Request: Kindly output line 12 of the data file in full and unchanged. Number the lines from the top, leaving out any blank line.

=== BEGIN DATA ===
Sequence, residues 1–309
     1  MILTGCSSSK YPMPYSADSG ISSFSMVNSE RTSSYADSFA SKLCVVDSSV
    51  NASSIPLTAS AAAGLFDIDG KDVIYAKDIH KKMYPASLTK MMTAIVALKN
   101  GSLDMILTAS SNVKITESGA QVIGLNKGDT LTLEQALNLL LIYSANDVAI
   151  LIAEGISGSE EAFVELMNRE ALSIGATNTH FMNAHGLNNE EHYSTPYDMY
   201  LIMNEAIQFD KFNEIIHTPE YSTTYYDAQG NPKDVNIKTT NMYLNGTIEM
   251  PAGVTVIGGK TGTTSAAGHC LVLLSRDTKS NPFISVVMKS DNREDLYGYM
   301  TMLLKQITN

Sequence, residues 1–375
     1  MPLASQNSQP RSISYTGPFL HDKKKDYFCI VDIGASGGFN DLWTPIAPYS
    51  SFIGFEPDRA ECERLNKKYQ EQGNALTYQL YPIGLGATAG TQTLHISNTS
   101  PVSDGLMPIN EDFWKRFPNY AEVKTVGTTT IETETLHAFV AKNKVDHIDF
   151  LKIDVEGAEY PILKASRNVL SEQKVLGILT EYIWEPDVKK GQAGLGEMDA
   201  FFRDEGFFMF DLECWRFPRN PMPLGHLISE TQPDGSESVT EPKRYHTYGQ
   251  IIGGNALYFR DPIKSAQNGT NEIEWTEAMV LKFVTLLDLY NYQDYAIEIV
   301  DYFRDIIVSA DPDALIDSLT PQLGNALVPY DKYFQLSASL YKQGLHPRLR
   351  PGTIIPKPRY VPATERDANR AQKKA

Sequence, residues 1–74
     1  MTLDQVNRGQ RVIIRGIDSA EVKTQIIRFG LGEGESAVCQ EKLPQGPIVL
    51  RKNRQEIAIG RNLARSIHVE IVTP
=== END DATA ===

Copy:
   101  PVSDGLMPIN EDFWKRFPNY AEVKTVGTTT IETETLHAFV AKNKVDHIDF